Wagner's primary importance, of course, remains his own music, which forever altered notions of harmony and melody. The revolution-starting notes heard around the world were unveiled in 1865 at the premiere of "Tristan und Isolde," the opera about doomed lovers brought together by a potion.

The orchestral notes of the "Tristan" Prelude did not strike every listener as wondrous — the most important German critic of the day, Eduard Hanslick, said the music reminded him "of the old Italian painting of a martyr whose intestines are slowly unwound from his body on a reel." (Wagner got his revenge, caricaturing Hanslick in the opera "Die Meistersinger.")

With that Prelude, Wagner lit a path away from the traditional, safe harmonic language that had served Mozart and Beethoven. Strange new worlds could open up with each chromatic shift from a tonal center.

And in "Tristan," the ground is always shifting, along with the fortunes of the characters, always trying to find resolution. That search takes on a sensual meaning previously unimaginable in music; this is earthy and spiritual stuff all in one. A lot of people were not prepared for such notions.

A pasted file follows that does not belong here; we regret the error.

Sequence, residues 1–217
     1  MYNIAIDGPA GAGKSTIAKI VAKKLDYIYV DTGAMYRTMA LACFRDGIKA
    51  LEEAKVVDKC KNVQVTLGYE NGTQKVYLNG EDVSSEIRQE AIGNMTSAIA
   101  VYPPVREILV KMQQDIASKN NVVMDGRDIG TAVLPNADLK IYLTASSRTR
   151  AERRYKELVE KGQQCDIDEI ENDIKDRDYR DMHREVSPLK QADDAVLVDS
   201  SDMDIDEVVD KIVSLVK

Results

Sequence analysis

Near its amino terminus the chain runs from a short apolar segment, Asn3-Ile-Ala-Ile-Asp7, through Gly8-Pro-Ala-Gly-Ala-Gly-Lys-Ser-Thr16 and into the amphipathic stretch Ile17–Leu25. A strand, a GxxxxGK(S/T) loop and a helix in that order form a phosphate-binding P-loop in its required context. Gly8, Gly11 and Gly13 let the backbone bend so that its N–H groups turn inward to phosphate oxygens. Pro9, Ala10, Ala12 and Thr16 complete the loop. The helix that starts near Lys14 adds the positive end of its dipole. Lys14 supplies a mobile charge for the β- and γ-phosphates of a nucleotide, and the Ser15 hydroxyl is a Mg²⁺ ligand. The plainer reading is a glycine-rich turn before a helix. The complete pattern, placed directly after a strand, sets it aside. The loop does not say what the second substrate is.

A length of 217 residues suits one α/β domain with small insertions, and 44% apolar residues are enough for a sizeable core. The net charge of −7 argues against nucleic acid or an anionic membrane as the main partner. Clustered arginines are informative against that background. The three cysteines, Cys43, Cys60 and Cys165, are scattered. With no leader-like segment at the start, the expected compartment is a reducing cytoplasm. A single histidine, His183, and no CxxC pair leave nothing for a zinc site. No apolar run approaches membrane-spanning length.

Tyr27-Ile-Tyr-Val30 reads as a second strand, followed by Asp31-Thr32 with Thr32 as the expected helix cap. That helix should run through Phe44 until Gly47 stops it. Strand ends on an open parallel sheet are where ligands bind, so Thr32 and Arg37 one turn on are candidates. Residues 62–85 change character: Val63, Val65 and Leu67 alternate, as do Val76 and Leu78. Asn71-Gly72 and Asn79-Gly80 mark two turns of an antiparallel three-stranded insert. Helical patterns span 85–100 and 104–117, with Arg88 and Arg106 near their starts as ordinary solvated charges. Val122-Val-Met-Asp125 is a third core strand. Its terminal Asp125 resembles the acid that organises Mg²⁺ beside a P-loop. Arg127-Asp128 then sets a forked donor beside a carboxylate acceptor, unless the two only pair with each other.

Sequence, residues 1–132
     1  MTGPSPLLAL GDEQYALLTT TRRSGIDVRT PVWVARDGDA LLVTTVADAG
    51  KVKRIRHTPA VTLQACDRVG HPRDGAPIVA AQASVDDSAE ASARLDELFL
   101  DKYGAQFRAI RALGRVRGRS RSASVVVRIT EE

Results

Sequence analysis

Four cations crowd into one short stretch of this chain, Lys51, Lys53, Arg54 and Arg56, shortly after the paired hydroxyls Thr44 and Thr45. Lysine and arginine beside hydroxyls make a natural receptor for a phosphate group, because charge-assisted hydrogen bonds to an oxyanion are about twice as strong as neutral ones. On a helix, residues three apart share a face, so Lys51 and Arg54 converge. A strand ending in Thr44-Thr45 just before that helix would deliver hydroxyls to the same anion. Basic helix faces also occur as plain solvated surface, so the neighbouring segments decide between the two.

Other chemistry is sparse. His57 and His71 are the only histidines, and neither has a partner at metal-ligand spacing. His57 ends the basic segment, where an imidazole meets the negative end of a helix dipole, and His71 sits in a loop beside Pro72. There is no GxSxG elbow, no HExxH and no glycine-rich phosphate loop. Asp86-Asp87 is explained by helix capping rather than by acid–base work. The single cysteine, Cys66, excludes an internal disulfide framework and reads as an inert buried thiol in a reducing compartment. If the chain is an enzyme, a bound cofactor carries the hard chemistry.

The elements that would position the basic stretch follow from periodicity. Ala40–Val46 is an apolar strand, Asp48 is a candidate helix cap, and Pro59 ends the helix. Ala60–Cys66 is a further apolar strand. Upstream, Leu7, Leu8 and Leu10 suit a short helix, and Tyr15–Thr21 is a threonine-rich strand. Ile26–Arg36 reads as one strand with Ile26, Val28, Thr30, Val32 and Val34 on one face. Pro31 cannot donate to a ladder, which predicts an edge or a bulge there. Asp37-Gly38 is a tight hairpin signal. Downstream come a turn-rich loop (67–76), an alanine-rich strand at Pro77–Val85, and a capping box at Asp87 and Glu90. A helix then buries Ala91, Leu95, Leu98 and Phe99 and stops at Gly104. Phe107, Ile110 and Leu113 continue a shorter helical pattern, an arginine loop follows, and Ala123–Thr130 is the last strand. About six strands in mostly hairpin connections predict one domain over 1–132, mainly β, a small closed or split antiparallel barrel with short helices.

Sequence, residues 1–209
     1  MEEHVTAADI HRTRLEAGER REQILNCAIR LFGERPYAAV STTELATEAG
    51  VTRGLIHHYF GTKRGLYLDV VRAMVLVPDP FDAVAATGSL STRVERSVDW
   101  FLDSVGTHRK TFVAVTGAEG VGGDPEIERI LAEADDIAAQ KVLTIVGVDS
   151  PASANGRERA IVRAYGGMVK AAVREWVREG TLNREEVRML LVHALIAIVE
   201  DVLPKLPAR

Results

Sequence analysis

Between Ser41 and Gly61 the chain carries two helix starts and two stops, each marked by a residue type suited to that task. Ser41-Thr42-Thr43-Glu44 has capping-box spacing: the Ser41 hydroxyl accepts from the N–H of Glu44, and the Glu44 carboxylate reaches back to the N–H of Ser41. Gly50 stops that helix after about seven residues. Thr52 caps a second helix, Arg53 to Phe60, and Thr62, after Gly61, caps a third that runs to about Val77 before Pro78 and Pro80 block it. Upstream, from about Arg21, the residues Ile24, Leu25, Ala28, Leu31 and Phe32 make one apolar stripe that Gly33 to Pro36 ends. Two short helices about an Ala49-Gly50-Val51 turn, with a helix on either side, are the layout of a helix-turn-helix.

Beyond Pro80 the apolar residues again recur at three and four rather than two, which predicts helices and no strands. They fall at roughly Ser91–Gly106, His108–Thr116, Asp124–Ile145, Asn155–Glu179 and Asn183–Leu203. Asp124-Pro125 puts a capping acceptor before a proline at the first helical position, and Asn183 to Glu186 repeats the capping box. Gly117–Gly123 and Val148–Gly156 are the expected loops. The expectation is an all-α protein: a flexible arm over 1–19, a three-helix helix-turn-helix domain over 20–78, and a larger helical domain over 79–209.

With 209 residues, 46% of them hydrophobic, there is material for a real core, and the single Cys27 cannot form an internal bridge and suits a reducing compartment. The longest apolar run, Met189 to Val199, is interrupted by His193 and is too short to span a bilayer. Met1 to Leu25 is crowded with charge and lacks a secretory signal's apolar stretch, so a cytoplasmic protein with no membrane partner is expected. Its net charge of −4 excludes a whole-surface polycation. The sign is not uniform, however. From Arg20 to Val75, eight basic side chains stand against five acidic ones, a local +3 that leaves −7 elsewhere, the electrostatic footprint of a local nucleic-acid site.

As Alsop noted, "Wagner in his lifetime was a polarizing force. Everyone lined up on one side of the street, pro or anti."

The anti could be wonderfully noisy. A glance at music criticism from Wager's day turns up any number of colorful descriptions of the music and the creator — "General Director of Hell's Music"; "The Antichrist incarnate of art." And those were the German critics.

But Wagner won his share of admirers from the start. They relished his revolutionary feat of liberating music. Rules taught in conservatories would now have to be rethought.

He greatly expanded the orchestra, in terms of color (he invented his own version of the tuba for the Ring operas) and scope. He employed a much larger orchestra for opera than was normal, and used the assemblage of instruments as another, equally important character in each opera.

Such innovations led directly to the profound symphonies of Gustav Mahler and Anton Bruckner, the brilliant operas and orchestral works of Richard Strauss — to name just a few important post-Wagnerians.

The influence has never abated. Baltimore-born composer Christopher Rouse's Ring-inspired "Der gerettete Alberich" will be performed during the BSO's Wagner program in April.

Out of his operas (he wrote his own librettos), Wagner achieved what was termed the Gesamtkunstwerk — total work or art, with music and drama fused in equal proportions.